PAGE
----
Would you give up your car to live in a better environment?
DESIGNING WITH FLUXES_a course of IAAC_Mact-2016/17
City as a service – Transformative Solutions at the Intersections of Mobility and Planning
Tutors: Francesca Arcuri, Federico Parolotto, Kathrin DiPaola, Sebastiano Scacchetti, Julius Streifeneder
Students: Federica Ciccone and Laura Marcovich


A neighborhood free of cars.


With the annual population increase, more people are living in cities; they are also becoming more mobile contributing to the mobility issues. Multiple players are continuously involved in this increasing mobility phenomenon. People and technology go hand in hand when it comes to improving transport systems and infrastructures.
Our project is a proposal for the improvement of local transportation for the neighborhood of Sants, a neighborhood that is characterized by being an important multi-scale transportation node in the network of the city of Barcelona. It shares the same urban fabric of the old towns of Barcelona, however, it differentiates by its high car flows, low pedestrian activity, parking space shortage and traffic jams.
Technology is an enabler for change, but is not the ultimate solution, we have to consider people as the center of our operations. According to experts, the goal today is to balance public space and transportation services, reduce pollution, noise, and stress. For us, the answer is to create a more walkable city.
The car-free concept comes from the definition of a place where the population relies primarily on public transport, walking, or cycling for transport within the urban area. The advantages include improvement of the quality of outdoors public life, entitlement of the public space, healthy citizens, social interaction increase, pollution reduction and noise reduction among others.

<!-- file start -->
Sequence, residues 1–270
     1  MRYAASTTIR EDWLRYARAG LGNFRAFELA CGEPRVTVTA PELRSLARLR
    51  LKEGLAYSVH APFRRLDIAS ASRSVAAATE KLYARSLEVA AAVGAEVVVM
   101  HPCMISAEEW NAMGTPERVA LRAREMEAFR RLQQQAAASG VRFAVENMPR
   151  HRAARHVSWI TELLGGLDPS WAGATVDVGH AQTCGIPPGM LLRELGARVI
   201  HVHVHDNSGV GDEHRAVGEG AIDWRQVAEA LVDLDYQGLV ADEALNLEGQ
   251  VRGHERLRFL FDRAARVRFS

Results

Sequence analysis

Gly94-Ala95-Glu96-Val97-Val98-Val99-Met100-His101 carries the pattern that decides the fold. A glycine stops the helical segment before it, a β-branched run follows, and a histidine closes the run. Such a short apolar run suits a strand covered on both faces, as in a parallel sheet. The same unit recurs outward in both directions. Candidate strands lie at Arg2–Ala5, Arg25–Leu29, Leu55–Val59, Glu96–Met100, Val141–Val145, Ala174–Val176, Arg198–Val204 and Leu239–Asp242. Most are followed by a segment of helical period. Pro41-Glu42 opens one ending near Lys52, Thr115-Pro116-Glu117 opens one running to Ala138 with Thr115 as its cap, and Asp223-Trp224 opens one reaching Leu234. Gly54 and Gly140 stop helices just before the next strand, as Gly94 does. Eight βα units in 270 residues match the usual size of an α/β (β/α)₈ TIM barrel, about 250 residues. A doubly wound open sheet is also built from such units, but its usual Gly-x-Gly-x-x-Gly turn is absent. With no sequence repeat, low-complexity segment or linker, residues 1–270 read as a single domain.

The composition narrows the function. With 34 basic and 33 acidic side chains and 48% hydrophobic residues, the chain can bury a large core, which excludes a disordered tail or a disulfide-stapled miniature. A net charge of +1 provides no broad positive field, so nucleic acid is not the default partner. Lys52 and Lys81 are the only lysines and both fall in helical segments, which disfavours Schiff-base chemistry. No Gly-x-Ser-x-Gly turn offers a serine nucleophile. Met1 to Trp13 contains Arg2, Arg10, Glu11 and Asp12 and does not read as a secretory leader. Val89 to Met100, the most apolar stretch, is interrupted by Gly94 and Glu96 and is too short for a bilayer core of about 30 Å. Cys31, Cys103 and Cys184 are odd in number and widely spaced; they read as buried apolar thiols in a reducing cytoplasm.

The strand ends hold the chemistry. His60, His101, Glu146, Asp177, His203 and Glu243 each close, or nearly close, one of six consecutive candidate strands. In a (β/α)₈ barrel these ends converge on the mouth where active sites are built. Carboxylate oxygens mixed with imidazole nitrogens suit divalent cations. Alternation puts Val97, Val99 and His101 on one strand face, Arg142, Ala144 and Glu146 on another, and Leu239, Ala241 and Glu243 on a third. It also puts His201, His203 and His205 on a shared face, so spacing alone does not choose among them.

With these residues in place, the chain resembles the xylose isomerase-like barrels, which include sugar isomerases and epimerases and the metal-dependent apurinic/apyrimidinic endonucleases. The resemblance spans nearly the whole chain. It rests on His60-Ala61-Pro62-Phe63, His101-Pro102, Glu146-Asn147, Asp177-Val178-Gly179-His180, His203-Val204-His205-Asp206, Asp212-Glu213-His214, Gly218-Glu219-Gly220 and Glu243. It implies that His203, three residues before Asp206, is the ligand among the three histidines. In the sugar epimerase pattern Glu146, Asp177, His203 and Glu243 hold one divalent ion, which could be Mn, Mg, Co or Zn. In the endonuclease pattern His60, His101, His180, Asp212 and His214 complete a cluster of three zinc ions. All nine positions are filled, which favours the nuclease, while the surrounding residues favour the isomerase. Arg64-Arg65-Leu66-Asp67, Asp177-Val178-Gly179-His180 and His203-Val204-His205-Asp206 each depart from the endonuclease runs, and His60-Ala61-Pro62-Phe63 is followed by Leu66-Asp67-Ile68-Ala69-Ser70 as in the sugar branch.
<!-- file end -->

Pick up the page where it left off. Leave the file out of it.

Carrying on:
To apply this concept, we started by transforming the main car congested commercial axis Carrer de Sants that was fracturing the neighborhood fabric, into the first pedestrian street of the project.
Secondly, we assigned the same function to Carrer de la Bordeta to achieve activity in the less congested area that soon will receive many new residents in south part of the neighborhood.
We had to consider that traffic would need to be redirected and that a complementary new local mobility network would have to be implemented. Therefore, we included in the project two bus lanes for Carrer de Sants, a cyclable way for Carrer de la Bordeta, 4 centralized free parking areas for residents and workers of the neighborhood, the improvement of interchange gateways that connect to the metropolitan networks, and 4 small scale public vehicle loops that will interconnect the main polarities of the district with the inner areas of the neighborhood.
We wanted not to impose a top down pedestrianization plan for the neighborhood.

In 2015, Boyd Cohen, an expert in innovation and Smart Cities criteria, described the third generation of Smart Cities are the ones that include citizen co-creation. In view of the concept of citizen participation, our project became a dual function project that benefits from the overlapping between a top down and a bottom up approach.

Working with technology would allow us to develop and app. OWN IT is a complementary vision for a Sants free of cars. An emerging plan based in the concept of bottom up that has as main focus on allowing the citizens to decide on the activities, materials and role of the intended to be liberated public space in the neighborhood. An app that would promote street ownership and access to data, environment sensors, real time street views and other mobility apps, and that would introduce dynamic infrastructures to respond to the dynamic uses of the public space.

For up scaling, we thought that the citizens should choose which other streets have the possibility to become temporarily or permanently pedestrian. Through the app, we planned for citizens to select the time and date of this pedestrianizations, and progressively have bottom up based car reduction and increased social activity.

We see these interventions not just as an opportunity to improve the transportation and the environment in the local scale, but also as an opportunity to promote and re-think a broader set of policies at the city scale.